For the better part of 30 years, I exercised 20-40 hours per week. 45-60 minute runs were the norm, and I never rode my bike for less than 90 minutes. Like many of us, I became committed to a mindset that believed a 15-30 minute run or ride was a worthless endeavor.
In 2004, after transitioning into life with a real job (sort of) and a family, not only was it hard for me to accept that I only had time for 3-5, 30’ runs and 2-3 hours per week instead of 20-40 hours per week, but it was hard to fathom that 3-5, 30’ runs was even worth the effort.
Fortunately, my wise friends who had busy schedules yet realized the value in exercise, convinced me that when it comes to fitting a workout into our busy schedule - every little bit counts. It took a year or two, but I eventually embraced the “short and sweet” mentality with regard to working out. Fast forward 10 years, and I’m still fit, faster, relative to my former self, than I thought I’d be, and my love of exercise has continued to grow.
I like to repeat this message over the holidays because free-time is limited and stress levels are high. As a result, many athletes who are used to spending more than 5 hours per week training, throw in the towel for the months of November and December, convinced that a, relatively speaking, nickle and dime workout routine is not worth the effort.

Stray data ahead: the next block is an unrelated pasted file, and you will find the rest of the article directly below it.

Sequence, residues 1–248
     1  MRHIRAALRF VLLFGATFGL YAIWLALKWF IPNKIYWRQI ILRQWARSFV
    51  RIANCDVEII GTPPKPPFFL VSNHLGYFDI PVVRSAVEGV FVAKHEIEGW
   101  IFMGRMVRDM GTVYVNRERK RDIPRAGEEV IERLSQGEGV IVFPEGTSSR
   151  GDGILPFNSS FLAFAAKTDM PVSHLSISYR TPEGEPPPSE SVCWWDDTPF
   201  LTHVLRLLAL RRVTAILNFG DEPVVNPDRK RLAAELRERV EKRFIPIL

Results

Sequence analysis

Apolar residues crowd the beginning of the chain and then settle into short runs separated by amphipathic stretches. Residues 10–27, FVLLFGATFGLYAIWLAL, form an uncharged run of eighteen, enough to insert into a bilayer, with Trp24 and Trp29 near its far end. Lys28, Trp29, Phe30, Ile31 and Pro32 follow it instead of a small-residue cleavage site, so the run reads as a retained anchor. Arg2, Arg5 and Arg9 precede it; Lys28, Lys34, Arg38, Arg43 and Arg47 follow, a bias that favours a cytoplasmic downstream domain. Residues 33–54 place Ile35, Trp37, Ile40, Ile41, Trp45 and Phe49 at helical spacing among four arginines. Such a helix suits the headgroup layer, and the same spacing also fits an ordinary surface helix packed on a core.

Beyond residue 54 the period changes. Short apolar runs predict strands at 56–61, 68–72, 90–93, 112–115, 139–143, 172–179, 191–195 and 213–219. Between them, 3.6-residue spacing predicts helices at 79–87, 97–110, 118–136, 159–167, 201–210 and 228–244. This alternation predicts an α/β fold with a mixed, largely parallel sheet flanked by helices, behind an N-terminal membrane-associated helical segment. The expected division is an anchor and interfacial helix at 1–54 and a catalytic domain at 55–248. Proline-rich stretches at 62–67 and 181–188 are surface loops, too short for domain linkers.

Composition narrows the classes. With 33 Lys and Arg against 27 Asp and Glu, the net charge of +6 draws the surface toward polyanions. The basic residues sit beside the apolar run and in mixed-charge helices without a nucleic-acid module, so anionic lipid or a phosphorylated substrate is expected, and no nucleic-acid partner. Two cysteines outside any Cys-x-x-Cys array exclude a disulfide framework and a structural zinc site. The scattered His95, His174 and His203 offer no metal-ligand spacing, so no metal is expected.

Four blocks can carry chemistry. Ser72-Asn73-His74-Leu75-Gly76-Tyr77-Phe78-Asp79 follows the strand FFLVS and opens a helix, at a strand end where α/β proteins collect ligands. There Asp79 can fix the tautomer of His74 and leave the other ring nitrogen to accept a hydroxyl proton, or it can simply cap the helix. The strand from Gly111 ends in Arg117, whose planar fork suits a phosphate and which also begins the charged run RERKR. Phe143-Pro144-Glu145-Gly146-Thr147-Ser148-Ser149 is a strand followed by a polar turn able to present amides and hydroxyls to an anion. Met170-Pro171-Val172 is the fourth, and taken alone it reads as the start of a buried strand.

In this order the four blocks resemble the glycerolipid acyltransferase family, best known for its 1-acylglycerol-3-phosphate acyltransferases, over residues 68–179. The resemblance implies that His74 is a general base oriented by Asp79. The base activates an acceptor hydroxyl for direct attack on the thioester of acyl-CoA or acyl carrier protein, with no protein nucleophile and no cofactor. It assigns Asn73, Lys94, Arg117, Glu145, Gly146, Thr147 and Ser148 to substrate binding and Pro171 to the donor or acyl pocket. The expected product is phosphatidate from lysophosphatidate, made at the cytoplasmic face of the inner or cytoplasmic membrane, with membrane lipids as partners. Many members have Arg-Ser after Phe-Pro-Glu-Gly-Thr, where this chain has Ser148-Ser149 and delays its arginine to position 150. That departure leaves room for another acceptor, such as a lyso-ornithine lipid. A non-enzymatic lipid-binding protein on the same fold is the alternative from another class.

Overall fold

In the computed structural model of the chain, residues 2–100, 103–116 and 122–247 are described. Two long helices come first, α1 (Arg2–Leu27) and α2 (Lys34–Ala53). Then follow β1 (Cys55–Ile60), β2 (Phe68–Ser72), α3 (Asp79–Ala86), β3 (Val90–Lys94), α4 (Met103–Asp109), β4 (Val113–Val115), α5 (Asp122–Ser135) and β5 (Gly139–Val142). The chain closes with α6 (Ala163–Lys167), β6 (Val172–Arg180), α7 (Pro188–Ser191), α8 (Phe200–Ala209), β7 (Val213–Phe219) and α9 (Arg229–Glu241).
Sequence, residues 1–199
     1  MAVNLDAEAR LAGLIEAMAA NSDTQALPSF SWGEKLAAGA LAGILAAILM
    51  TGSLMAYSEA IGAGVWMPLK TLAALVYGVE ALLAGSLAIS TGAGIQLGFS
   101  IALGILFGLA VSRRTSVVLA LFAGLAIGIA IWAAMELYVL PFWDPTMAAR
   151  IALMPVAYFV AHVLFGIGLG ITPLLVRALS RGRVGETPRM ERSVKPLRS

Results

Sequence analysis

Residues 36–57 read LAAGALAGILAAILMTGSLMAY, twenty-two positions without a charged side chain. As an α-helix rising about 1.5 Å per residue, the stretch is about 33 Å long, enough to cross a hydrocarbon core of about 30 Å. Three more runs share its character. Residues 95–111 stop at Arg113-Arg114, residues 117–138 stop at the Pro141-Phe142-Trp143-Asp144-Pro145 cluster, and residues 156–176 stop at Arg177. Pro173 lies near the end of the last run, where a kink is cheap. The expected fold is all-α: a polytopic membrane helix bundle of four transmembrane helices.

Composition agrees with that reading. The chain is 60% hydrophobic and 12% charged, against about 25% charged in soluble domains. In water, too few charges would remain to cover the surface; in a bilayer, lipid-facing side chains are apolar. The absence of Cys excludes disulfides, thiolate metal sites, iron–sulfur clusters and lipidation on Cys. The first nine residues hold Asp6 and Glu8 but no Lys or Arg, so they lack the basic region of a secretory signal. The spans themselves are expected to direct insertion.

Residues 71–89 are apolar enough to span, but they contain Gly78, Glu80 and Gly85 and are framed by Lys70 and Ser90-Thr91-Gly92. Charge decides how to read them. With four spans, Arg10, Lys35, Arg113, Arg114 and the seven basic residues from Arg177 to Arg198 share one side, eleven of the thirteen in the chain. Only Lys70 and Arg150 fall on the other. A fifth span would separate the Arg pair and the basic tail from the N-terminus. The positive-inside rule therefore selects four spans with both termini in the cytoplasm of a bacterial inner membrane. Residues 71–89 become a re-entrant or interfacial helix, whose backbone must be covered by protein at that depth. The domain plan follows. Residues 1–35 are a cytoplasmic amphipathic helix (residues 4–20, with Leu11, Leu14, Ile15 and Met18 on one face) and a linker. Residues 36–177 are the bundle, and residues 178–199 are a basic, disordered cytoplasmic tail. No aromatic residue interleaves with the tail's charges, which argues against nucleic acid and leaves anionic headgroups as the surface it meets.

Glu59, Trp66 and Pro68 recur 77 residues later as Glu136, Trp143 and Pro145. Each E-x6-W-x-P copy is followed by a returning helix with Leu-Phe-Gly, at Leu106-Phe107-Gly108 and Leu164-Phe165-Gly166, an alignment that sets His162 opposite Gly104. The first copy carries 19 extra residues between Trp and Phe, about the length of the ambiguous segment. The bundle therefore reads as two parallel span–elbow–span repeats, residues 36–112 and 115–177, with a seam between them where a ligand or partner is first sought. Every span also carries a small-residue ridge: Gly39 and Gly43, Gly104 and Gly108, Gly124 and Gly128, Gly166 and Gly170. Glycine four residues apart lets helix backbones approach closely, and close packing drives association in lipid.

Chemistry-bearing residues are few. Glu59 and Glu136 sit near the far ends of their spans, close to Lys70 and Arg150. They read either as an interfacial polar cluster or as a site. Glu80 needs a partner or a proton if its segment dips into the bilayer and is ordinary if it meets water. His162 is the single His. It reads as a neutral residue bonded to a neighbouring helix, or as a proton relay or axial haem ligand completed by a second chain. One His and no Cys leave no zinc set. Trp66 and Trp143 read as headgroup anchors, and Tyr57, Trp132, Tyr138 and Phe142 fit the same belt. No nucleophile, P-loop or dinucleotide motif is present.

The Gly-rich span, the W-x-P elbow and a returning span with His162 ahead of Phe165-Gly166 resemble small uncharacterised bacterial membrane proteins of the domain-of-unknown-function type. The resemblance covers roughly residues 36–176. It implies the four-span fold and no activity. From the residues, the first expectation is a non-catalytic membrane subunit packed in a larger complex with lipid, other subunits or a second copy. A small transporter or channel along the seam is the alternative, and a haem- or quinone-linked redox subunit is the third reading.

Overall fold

Don’t do that this holiday season. Accept that a reduced (yet more intense) workout schedule is not only fine, but may even help to get you out of a training rut, and leave you recharged and in a better place when you do commence your event specific training plan during the New Year. Accept the notion that keeping exercise in your life will make you a better parent, partner, friend, more productive at work and at home, a better holiday shopper, and allow that short and sweet exercise bouts of physical activity count as exercise.
Take advantage of any opportunity to move or get the heart rate up for a minute or five. Furthermore, if your exercise bouts are short and sweet - and it doesn’t matter how old you are or how slow you are - put some umph into it! Run back to the car after dropping the kids at school or extracurricular activity. Walk with a purpose when holiday shopping. RUN up the stairs instead of taking the elevator. Walk around your office while talking on the phone. Run 1 mile instead of 4, when you don’t have 30-40 minutes to spare - don’t even waste time putting running clothes on. Just step into a pair of running shoes and go!